Yeah, I don't think we fixed much at all on that album. In those days, since albums were mainly released on vinyl, you could only get 20 minutes per side. UFO had a song called "Rock Bottom" which was 11 minutes long when they played it live. It was obvious to me that we were going to have to release the show as a double album.
Anyway, I felt like we were a couple songs short of having a great album. So we went to the Record Plant to record two songs. I don't think anyone knows that, so I might as well let the cat out of the bag. It was "Mother Mary" and one more song that I can't remember right now. I recorded them live in the studio and I added the crowd noise afterwards. I don't think anyone could tell. I don't even think I could tell if you played it now.
[Nevison then tells me the story behind the Strangers in the Night album title.]
There was a restaurant called Entourage next to the Record Plant and I went there for lunch one day while mixing the album. It was a French place and on the jukebox someone was playing [hums the melody to Frank Sinatra's "Strangers in the Night"] and it struck me that "Strangers in the Night" was a cool title. So, yeah, I came up with that title. When Chrysalis released the album, they decided to rent out the Griffith Observatory in Los Angeles for the launch party. That's the kind of thing record companies don't do anymore [laughs].
Looking back at your '70s studio work, does any particular album stick out to you that you feel was a bit overlooked?
I was lucky. From 1973 to 1976, I did Quadrophenia, the soundtrack to Tommy, three Bad Company albums, Led Zeppelin's Physical Graffiti, and Thin Lizzy's Nightlife. The only one that wasn't of note was an album by a band called Chilli Willi and the Red Hot Peppers. They were a cool bar band from London. That was a fun album to do, but it didn't sell many copies.
You stayed busy during the '80s. Something I think gets overlooked about your career is your work with Survivor. Vital Signs is one of the best melodic rock albums of all time.
Yeah, that's one of my favorite albums. I had worked with Survivor a few years prior to that [1980's Survivor], and I don't really remember what happened, but I didn't end up finishing the album. I just remember having a big argument with [legendary A&R executive] John Kalodner and then left. I was like "fuck you" and that was it. The band was pissed off, but they always wanted to work with me again.
Years later, Survivor wanted to record a song for The Karate Kid soundtrack called "The Moment of Truth," so they called me. I flew to Chicago to produce the song and they loved it. That's how I ended up producing Vital Signs, and eventually, When Seconds Count. They had great songs and a fantastic singer.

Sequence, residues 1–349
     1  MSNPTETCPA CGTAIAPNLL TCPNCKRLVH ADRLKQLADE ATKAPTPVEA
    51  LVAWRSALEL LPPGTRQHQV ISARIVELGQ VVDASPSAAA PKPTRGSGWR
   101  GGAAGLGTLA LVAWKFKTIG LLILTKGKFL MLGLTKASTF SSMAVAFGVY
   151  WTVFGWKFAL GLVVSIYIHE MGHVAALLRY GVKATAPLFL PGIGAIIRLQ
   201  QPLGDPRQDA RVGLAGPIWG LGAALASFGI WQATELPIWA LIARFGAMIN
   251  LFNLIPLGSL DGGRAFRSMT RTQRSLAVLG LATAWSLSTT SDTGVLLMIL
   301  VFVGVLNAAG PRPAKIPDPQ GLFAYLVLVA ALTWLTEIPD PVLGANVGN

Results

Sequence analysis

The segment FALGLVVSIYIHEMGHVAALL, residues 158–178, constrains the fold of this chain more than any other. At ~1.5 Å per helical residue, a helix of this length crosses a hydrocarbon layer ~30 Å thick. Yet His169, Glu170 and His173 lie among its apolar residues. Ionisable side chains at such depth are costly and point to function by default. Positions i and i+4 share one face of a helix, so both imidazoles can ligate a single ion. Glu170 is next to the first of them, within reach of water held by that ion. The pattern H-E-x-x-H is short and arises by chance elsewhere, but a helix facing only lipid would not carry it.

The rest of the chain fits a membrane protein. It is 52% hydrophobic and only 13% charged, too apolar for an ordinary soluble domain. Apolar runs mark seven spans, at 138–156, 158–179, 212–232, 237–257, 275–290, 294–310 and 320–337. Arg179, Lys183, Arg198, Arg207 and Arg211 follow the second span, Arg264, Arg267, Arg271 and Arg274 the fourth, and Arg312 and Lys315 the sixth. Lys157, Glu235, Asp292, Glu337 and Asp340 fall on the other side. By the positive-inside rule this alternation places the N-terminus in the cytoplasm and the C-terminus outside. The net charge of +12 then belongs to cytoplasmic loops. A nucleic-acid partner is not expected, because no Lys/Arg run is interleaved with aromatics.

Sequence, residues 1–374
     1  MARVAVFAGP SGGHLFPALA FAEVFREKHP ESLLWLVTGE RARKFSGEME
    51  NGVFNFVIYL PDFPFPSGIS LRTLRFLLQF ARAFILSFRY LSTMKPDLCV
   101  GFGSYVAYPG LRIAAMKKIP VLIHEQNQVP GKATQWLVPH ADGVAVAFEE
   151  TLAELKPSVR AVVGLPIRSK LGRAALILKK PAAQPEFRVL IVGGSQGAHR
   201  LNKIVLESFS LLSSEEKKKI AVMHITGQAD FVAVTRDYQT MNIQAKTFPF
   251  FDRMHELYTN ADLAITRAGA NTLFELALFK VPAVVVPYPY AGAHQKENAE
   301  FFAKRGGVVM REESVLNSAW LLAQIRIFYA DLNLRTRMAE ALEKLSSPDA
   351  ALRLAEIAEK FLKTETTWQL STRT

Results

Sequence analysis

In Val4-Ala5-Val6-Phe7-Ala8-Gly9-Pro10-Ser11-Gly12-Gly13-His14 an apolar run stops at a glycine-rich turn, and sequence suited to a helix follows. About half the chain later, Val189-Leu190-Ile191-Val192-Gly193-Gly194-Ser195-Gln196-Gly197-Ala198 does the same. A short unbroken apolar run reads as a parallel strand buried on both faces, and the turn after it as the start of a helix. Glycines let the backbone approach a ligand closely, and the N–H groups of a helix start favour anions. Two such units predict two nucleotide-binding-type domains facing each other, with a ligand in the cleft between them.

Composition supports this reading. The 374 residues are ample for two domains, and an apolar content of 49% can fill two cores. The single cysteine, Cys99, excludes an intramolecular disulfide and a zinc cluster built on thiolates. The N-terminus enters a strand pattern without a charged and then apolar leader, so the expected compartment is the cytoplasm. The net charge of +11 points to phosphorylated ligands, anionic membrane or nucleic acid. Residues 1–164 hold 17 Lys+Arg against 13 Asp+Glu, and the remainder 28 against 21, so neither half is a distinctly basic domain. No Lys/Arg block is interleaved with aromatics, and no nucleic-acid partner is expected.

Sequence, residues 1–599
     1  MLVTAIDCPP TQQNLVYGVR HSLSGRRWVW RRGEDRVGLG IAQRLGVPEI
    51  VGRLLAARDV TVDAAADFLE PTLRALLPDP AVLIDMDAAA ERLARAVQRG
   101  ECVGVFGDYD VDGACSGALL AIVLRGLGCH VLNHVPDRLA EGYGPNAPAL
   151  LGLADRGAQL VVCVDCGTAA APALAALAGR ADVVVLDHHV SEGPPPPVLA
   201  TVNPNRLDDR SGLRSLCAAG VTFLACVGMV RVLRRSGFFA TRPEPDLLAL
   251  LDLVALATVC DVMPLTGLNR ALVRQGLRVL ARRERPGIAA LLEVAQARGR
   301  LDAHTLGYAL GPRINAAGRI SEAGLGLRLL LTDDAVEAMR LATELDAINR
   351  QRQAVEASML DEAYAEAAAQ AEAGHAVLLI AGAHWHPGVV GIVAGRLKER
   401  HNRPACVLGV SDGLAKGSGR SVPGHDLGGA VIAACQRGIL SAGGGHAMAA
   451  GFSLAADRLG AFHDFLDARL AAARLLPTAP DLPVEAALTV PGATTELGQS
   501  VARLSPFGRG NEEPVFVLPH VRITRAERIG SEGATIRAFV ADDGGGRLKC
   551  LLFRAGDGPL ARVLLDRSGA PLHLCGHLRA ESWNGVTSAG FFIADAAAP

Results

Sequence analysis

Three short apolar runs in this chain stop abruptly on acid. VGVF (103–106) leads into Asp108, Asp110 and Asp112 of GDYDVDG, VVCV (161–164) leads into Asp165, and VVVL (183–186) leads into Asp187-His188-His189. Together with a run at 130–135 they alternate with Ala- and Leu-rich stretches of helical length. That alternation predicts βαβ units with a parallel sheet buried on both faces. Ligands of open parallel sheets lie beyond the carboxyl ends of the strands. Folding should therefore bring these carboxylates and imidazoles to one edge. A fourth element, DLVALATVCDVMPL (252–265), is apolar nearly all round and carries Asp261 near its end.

I think Jimi Jamison's vocal performances on Vital Signs and When Seconds Count is just about as good as it gets. What was it like producing his vocal sessions?
Working with Jimi could be very tedious. You would tell him that he was singing flat in a certain part, so he would do it again, and get it perfectly in tune, but then his timing would be off a bit. And then you would tell him that he's out of time and he would do it again, but then be flat [laughs]. But it's a tough thing to overdub vocal performances in the studio. Some artists had difficulty with that. Jimi was naturally more of a live singer, so it would take him a while, but he would always nail it in the end.
I think Jimi's all-time best performance was on "Man Against the World" from When Seconds Count.
Yeah, that's one of my favorites, too. In fact, I've thought about cutting that song with someone else many times throughout the years. I know Jim Peterik [former Survivor keyboardist/guitarist] would love that. I just saw him a couple of years ago. I've worked with Jim many times, even outside of Survivor. He's great.
Let's talk about the two Heart albums you produced in the mid-'80s, Heart and Bad Animals. Those records were massive and featured some of the biggest songwriters of the era pitching in material.
That self-titled album was a new beginning for the band since they had been dropped by Epic Records and it was going to be their first record for Capitol. Don Grierson of Capitol wanted me to come in and produce a couple of ballads for the album. I loved Heart, so I went up to Seattle to interview for the job and I had a great time with them. I came back from the trip and my manager tells me that they want me to produce the entire album.
But part of the deal with Heart signing to Capitol was that Don Grierson had to also agree with their choice of producer, and have a say in the material they recorded for the album. I loved the songs they had, but I didn't think they had any that could be a big single and translate over to CHR. So I grabbed a song that was sitting on Don's desk called "If Looks Could Kill" that was headed to Tina Turner. I thought it would be a good one for [Heart's] Ann Wilson to sing.